Tag Archives: Hospital

Maternal and General Healthcare in India

As we sat with an expecting mothers’ group in Okhla slum in south Delhi with Save the Children India we learned that the government provides a countrywide incentive program for women to deliver their babies in a hospital as opposed to delivering at home. While monetary payment to give birth in an institution would help many poor Indian families particularly those who are migrant workers and slum dwellers it isn’t a foolproof way to entice expectant mothers into government hospitals.

Mother's Group

Some still believe the traditional way of delivering at home with a midwife is far better than delivering in an institution. This goes back to a wide-held belief that many believe hospitals are intended solely for people who are sick and pregnancy isn’t seen as a sickness. Couple this with a healthcare system with great faults and many expectant Indian mothers opt for home deliveries despite the risk of losing their babies or even losing their own lives.

India, despite its soaring economic growth, spends less than 1% of its GDP on healthcare. In a country with 1.2 billion people this is certainly problematic especially as most healthcare is sought out at private clinics despite the high cost of services. Government run hospitals are in bad condition with routinely absentee doctors and a lack of medicines and medical supplies. Christopher Werth, an International Reporting fellow, recently reported for the BBC about India’s healthcare dilemma.

Ethiopia’s Health Care Model, Workers

Ethiopia has its health care flaws and challenges, but what it seems to have captured is an appreciation for simplicity. Ethiopia’s health care system is very easy to understand, even though implementation and results are not easily achievable.

This week I am in Ethiopia with Save the Children and its new campaign Every Beat Matters to observe frontline health workers and the programs that help them achieve the best outcomes with their patients.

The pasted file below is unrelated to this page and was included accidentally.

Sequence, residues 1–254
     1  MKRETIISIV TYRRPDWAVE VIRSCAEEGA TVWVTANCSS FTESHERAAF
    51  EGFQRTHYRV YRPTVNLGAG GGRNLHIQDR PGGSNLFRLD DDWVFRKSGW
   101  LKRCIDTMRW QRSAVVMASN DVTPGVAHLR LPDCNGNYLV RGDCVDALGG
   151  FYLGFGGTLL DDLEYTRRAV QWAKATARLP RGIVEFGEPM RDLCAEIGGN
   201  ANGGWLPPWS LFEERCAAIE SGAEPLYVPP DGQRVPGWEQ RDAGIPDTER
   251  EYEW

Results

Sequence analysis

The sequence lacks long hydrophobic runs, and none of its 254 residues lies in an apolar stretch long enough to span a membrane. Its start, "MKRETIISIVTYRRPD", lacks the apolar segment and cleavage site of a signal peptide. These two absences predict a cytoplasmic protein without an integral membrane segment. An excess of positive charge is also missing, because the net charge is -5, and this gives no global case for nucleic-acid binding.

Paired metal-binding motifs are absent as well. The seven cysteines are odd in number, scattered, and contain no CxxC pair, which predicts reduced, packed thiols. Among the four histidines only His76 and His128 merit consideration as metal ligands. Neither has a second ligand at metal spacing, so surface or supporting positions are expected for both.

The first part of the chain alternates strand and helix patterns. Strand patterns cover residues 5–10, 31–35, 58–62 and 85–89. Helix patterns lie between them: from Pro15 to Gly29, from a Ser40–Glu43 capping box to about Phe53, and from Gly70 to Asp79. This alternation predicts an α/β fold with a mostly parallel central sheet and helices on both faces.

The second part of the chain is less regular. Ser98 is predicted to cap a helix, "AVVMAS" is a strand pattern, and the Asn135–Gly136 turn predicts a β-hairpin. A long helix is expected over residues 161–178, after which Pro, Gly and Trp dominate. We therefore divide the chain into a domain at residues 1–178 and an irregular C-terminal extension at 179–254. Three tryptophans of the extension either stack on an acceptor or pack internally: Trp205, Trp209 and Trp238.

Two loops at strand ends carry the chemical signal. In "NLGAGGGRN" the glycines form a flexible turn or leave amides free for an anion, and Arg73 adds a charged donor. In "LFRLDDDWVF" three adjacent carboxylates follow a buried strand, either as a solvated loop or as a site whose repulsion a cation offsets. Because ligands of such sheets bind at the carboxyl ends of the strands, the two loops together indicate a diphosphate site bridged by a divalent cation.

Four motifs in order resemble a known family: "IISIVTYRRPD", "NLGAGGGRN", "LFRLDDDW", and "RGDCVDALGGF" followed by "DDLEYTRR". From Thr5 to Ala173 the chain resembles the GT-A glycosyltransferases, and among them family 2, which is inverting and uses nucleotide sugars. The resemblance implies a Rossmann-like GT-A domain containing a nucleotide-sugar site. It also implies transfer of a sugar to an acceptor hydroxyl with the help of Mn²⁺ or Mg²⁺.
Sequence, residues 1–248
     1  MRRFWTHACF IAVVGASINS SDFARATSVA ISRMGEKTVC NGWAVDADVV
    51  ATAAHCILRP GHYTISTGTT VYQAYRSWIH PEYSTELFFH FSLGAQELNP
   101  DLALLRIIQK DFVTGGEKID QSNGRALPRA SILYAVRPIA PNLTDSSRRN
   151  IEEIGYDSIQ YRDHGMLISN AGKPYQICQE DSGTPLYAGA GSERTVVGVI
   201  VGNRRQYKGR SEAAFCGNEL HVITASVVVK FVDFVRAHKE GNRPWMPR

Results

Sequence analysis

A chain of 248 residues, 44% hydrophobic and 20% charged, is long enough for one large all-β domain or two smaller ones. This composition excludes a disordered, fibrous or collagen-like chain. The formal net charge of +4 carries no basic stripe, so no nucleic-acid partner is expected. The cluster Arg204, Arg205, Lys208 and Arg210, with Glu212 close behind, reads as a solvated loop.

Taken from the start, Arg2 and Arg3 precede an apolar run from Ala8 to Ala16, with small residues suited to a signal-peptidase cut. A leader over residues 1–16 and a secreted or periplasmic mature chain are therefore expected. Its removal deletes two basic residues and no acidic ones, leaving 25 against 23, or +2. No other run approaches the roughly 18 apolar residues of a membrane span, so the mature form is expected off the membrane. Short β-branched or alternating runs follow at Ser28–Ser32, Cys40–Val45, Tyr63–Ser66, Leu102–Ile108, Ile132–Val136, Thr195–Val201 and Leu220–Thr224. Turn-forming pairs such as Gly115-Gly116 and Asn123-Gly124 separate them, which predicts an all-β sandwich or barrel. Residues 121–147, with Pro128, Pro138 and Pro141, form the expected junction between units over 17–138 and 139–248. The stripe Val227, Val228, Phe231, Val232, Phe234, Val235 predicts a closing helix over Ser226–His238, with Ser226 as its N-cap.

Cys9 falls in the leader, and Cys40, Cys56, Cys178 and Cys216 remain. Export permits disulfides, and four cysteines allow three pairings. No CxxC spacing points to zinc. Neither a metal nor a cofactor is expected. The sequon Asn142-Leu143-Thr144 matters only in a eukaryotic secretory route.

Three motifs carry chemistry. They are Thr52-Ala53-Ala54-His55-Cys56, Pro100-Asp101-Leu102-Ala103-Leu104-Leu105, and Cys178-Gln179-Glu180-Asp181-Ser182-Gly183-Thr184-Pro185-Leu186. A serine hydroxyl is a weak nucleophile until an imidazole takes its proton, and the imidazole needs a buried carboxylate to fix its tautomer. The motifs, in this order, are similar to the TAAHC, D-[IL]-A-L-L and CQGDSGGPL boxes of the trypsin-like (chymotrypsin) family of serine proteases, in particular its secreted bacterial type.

Health Extension WorkersOn the community level, health extension workers (HEWs) primarily help expectant and new mothers, newborns, and children. They are trained to diagnose and treat pneumonia, malnutrition, malaria, and diarrhea. They perform antenatal care and prevention and even deliver babies. And they also provide follow-up  care for new mothers.

This video explains how one mother’s baby had a fever and the health extension workers were able to provide immediate care for her.

In addition to health extension workers each community also has a health development army (HDA). These women are a volunteer unit that receives information, help, and health care services from the HEWs and spread the word throughout the community to benefit from the services of the health posts.

Health Development Army

If a patient has an acute illness that the health extension workers cannot treat women and children are referred to health centers where they have a better chance of being helped. And if there is a problem that a health center cannot help, a patient is referred to a district hospital like the Bishoftu hospital highlighted yesterday.

Bishoftu Hospital

Learn more about frontline health workers at Save the Children’s web site Every Beat Matters. Also, read about my first day in Ethiopia in My First Day in Ethiopia: An Army of Women Fight to Save Lives and Day 2: Food by Perscription.